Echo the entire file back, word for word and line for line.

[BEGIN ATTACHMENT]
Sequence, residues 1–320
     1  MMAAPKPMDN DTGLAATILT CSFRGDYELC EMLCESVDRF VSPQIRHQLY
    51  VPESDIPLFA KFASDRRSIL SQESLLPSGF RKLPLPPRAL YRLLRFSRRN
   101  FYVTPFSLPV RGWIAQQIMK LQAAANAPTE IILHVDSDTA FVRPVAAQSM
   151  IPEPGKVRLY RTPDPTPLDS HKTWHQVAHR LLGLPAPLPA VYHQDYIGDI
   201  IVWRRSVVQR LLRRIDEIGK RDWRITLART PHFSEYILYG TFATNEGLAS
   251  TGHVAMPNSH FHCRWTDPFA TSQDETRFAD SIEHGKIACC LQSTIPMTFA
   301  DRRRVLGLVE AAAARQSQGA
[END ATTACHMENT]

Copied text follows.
Sequence, residues 1–320
     1  MMAAPKPMDN DTGLAATILT CSFRGDYELC EMLCESVDRF VSPQIRHQLY
    51  VPESDIPLFA KFASDRRSIL SQESLLPSGF RKLPLPPRAL YRLLRFSRRN
   101  FYVTPFSLPV RGWIAQQIMK LQAAANAPTE IILHVDSDTA FVRPVAAQSM
   151  IPEPGKVRLY RTPDPTPLDS HKTWHQVAHR LLGLPAPLPA VYHQDYIGDI
   201  IVWRRSVVQR LLRRIDEIGK RDWRITLART PHFSEYILYG TFATNEGLAS
   251  TGHVAMPNSH FHCRWTDPFA TSQDETRFAD SIEHGKIACC LQSTIPMTFA
   301  DRRRVLGLVE AAAARQSQGA